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Visual impairment and perceptual visual disorders in children with cerebral palsy in Nigeria
  1. Roseline Ekanem Duke1,2,
  2. Justin Nwachukuw1,
  3. Chima Torty3,
  4. Uche Okorie1,
  5. Min J Kim4,
  6. Kathryn Burton5,
  7. Clare Gilbert6,
  8. Richard Bowman7
  1. 1Ophthalmology, Calabar Children’s Eye Centre, University of Calabar Teaching Hospital, Calabar, Cross River, Nigeria
  2. 2Clinical Research Unit, ITD, International Centre for Eye Health, London School of Hygiene and Tropical Medicine Faculty of Infectious and Tropical Diseases, London, London, UK
  3. 3Pediatric Neurology, University of Calabar Teaching Hospital, Calabar, Cross River, Nigeria
  4. 4Tropical Epidemiology Group, Faculty of Infectious Disease Epidemiology, London School of Hygiene and Tropical Medicine, London, London, UK
  5. 5Community Paediatrics, Cambridgeshire Community Services NHS Trust, Saint Ives, Cambridgeshire, UK
  6. 6Clinical Research Unit, ITD, London School of Hygiene and Tropical Medicine Faculty of Infectious and Tropical Diseases, London, London, UK
  7. 7International Centre for Eye Health, London School of Hygiene and Tropical Medicine Faculty of Infectious and Tropical Diseases, London, London, UK
  1. Correspondence to Dr Roseline Ekanem Duke, Ophthalmology, University of Calabar Teaching Hospital, Calabar, Cross River, Nigeria; dr.roselineduke{at}gmail.com

Abstract

Cerebral palsy (CP) is the most common cause of childhood physical disability globally. This study describes the spectrum of ocular morbidity and visual impairment in a community-based (recruited by key informants) sample of children with CP in Cross River State, Nigeria.

Methods A paediatric neurologist clinically confirmed CP and assessed systemic comorbidity. Ophthalmological assessment included developmental age appropriate acuity tests, objective refraction and objective and subjective tests of perceptual visual dysfunction (PVD).

Results 388 children aged 4–15 years with CP were identified. Visual problems were reported by carers in only 55 (14%) cases. Binocular visual acuity impairment was seen in 20/201 by Lea symbols test (10%) and 213/388 (55%) by the mirror test. Abnormal visual fields were seen in 58/388 (14.9%); strabismus in 183 (47%) abnormal contrast sensitivity in 178 (46%) and abnormal saccades in 84 (22%), spherical refractive errors in 223 (58%), significant astigmatism in 36 (12%), accommodative dysfunction in 41 (10.6%), optic atrophy in 198 (51%). Perceptual visual disorders were present in 22 (6%) subjectively and 177 (46%) objectively. The estimated frequency of cerebral visual impairment (CVI) in children ranged from 61 (16%) to 191 (49%) if children with optic atrophy were included.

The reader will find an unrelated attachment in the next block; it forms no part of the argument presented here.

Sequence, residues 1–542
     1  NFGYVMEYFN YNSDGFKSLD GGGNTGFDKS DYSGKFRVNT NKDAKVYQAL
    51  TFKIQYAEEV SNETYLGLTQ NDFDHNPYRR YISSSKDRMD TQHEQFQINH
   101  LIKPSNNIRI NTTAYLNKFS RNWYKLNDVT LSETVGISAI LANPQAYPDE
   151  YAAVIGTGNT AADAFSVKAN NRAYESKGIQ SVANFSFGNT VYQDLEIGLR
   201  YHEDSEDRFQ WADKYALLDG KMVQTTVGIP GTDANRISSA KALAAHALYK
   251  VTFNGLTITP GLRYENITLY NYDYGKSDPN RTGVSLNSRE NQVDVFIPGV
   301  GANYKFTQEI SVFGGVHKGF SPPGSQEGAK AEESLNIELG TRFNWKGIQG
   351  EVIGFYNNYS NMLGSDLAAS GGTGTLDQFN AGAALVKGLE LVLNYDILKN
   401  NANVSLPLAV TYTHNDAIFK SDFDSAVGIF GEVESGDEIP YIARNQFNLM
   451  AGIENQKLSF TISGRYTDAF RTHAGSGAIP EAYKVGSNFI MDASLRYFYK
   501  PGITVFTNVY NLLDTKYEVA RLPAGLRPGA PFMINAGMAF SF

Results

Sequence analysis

Conclusion Children with CP have a wide spectrum of ocular morbidity and visual impairment, underestimated by carers. Children with CP require visual acuity assessments with a range of tests which account for associated comorbidities and oculomotor dysfunction. Functional vision assessments for PVD is important. CVI is common.

  • visual perception
  • epidemiology
  • child health (paediatrics)
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Footnotes

  • Contributors The different aspects of the research and the overall responsibility for the published work is accepted by the following: Conception or design of the work: RB, RED and KB. Data collection. RED, JN, CT and UO. Data analysis and interpretation. RED and MJK. Drafting the article. RED. Critical revision of the article. KB, CG and RB. Final approval of the version to be published and agreement to be accountable for all aspects of the work. RED, JN, CT, UO, MJK, KB, CG and RB.

  • Funding The Queen Elizabeth Diamond Jubilee Trust/Common Wealth Eye Health Consortium funded the research. Grant number (LSHTM ITCRZ6814).

  • Competing interests None declared.

  • Patient consent for publication Not required.

  • Ethics approval The study was performed in accordance with the Declaration of Helsinki and approved by the ethics committees of Cross River State and the London School of Hygiene and Tropical Medicine. The study was explained to carers in their preferred language.

  • Provenance and peer review Not commissioned; externally peer reviewed.

  • Data availability statement Data are available on reasonable request. Deidentified participant data may be requested from the Investigator using their publishable contact and orchid identifier.

  • Supplemental material This content has been supplied by the author(s). It has not been vetted by BMJ Publishing Group Limited (BMJ) and may not have been peer-reviewed. Any opinions or recommendations discussed are solely those of the author(s) and are not endorsed by BMJ. BMJ disclaims all liability and responsibility arising from any reliance placed on the content. Where the content includes any translated material, BMJ does not warrant the accuracy and reliability of the translations (including but not limited to local regulations, clinical guidelines, terminology, drug names and drug dosages), and is not responsible for any error and/or omissions arising from translation and adaptation or otherwise.

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